You can pick any Medicare drug plan that meets your needs, and there will be— as I mentioned, here in Arizona, there's quite a few to choose from. You can keep Medicare as it is. Do you realize about 200,000 citizens here in Arizona use Medicare Advantage Plans, and they're really important plans. It's all part of making sure there is a menu of choice available for our seniors.

I want to talk about low-income seniors right quick. And by the way, if you're getting your coverage from your labor union or your business, this bill will help make sure that your labor union and your business continues to provide health care for you.

I want to talk about low-income seniors, and this is very important for people to understand; that's why it's important for people to go out and explain to—what's available. One-third of our seniors, the lower-income seniors, will be eligible for drug benefits that include little or no premium. In other words, the premium I was talking about was for people who are more likely able to afford a premium. If you're a poor senior here in Arizona, you will have—end up with little or no premium, low deductibles, and no gaps in coverage. It's a good deal, is what I'm telling you. Let me put it bottom line: You need to look at this plan. On average, Medicare will pay over 95 percent of your costs for prescription drugs.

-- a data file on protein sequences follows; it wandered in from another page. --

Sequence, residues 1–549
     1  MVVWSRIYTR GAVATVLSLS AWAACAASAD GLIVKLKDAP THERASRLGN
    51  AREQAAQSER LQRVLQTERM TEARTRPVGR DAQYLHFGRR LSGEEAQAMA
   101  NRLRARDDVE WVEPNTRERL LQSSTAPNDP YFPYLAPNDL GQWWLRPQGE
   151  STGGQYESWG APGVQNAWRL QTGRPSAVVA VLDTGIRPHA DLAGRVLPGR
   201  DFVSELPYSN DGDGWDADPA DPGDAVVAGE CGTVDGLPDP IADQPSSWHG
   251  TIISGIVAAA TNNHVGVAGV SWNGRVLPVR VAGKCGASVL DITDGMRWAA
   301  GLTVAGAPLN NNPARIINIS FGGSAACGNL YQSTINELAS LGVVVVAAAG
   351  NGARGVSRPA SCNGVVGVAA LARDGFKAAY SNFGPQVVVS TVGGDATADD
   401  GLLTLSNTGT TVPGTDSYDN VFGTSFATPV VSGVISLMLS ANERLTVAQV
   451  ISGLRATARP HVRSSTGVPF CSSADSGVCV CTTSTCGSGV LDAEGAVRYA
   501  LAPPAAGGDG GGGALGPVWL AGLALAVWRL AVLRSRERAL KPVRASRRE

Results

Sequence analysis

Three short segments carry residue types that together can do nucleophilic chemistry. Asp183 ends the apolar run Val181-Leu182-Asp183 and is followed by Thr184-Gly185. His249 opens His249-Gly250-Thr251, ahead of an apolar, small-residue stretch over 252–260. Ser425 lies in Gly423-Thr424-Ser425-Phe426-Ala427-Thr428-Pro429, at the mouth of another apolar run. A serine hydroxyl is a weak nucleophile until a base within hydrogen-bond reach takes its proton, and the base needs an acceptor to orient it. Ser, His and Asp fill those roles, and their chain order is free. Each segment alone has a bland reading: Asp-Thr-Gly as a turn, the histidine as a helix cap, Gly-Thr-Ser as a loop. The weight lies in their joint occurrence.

Now, here's what you have to do—now, this may frighten some seniors—you got to fill out a form. It would frighten me. The good news is, it's a simple application, and it's four pages long. If you believe that—well, it could be 40—big print. If you believe that you're eligible, you need to fill out the form. If you're a mother— I mean, if you're a son or a daughter, you need to get your mom or your dad to fill out the form, I'm telling you.

And that's why we're traveling the country. This is a good deal for our seniors. We have changed Medicare. We have done our duty in Washington, DC. We've upgraded an important program and made it better. And part of the challenge—it's one thing to pass the law; that was challenging enough. But part of the challenge now is to make sure the Federal Government, in concert with State and local governments as well as faith-based groups, grassroots groups, community-based groups, lobbying groups—whatever, all kinds of groups—gets the word out.

I want to thank you all for listening, and expect you as good citizens to help get the word out.

Now, the man in charge, I mentioned, is McClellan, Dr. Mark McClellan. Told you he had a Ph.D., didn't I? He also has an M.D. He has got a big responsibility. He is the Administrator of the Centers for Medicare and Medicaid Services. Is that right?

Mark B. McClellan. That's exactly right.

The President. He's a Texan, which means he can get the job done and will get the job done.

Explain how you're going to get the job done.

Dr. McClellan. Well, I'm getting a lot of help, and besides that, we've got a chance now, with the new law that was just enacted, to turn Medicare into a program, from one that just pays the bill when people get sick to one that really helps keep them healthy, with drug coverage, with the preventive benefits that you mentioned, Mr. President.

The thing is, speaking now from that medical background that you mentioned, you can do a lot more to keep a patient healthy if they're your partners in the effort, if they understand what they can do, if they take steps in their own life to get better care, to take care of themselves to live a longer and better life. And that's really what the new Medicare program is all about.